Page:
Fox took down the tweet and apologized in a statement on Friday:
“On Wednesday, we posted a tweet in conjunction with ‘I Can See Your Voice’ that was inappropriate. The tweet has since been removed. We sincerely apologize to the Asian community and to all whom it offended.”
The show, hosted by comedian Ken Jeong, premiered on Sept. 23 and is an adaptation of a South Korean game show.
It requires contestants to guess whether six “secret singers” are lip-syncing to their own recorded performance or to another live performer’s singing for the “Lip Sync Challenge.” The secret singers are identified not by their name but by their profession. Contestants are assisted by comedians, pop culture experts, and a music superstar with $100,000 at stake.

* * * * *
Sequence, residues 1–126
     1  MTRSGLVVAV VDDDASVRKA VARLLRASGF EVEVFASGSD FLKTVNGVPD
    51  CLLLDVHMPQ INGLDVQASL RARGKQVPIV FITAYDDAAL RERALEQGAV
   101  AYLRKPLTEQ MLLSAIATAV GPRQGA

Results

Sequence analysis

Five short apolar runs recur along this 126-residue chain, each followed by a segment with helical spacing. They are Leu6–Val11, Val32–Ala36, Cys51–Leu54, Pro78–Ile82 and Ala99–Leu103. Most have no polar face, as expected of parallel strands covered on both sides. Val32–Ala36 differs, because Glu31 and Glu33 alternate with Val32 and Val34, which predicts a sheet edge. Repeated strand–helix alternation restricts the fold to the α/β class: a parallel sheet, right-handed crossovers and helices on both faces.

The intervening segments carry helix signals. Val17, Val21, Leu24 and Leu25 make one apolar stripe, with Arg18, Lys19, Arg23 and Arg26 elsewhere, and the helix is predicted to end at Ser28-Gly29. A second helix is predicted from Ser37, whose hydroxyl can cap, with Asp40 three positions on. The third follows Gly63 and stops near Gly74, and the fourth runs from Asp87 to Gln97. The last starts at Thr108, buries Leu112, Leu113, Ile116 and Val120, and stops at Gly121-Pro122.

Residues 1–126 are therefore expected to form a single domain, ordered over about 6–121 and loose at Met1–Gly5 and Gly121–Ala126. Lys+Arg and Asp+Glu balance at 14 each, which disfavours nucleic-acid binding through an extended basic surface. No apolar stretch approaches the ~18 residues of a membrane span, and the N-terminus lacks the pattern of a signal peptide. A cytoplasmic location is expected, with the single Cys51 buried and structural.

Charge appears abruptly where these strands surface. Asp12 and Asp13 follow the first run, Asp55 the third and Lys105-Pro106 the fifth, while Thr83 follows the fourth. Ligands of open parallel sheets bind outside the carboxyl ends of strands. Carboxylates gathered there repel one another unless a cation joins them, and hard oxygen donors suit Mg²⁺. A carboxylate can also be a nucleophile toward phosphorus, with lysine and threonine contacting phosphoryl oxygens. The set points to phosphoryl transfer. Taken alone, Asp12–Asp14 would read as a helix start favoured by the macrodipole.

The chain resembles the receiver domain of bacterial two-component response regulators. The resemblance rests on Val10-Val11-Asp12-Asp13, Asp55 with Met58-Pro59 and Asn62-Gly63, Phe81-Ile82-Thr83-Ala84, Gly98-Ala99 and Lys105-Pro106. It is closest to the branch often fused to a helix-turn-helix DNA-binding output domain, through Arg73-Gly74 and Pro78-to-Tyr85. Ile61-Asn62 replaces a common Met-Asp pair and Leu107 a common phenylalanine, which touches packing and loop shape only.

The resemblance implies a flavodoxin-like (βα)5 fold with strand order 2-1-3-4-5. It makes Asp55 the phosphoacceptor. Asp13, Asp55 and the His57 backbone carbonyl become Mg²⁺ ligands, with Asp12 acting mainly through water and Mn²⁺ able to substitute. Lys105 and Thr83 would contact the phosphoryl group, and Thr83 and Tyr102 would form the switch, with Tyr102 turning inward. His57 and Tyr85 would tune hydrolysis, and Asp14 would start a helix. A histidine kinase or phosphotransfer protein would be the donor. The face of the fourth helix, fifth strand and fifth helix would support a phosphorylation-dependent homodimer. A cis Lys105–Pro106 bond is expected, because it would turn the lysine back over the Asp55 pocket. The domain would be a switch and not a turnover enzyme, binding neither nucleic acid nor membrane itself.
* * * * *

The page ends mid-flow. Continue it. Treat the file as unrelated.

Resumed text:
Mendoza was part of Arizona State University’s musical theater program, Entertainment Weekly reported. He also sang back up for Kristin Chenoweth at the Phoenix Symphony.
Many people might not know this, but despite our large and loyal following which we are immensely grateful for, NextShark is still a small bootstrapped startup that runs on no outside funding or loans.
Everything you see today is built on the backs of warriors who have sacrificed opportunities to help give Asians all over the world a bigger voice.
However, we still face many trials and tribulations in our industry, from figuring out the most sustainable business model for independent media companies to facing the current COVID-19 pandemic decimating advertising revenues across the board.
We hope you consider making a contribution so we can continue to provide you with quality content that informs, educates and inspires the Asian community.
Even a $1 contribution goes a long way. Thank you for everyone’s support. We love you all and can’t appreciate you guys enough.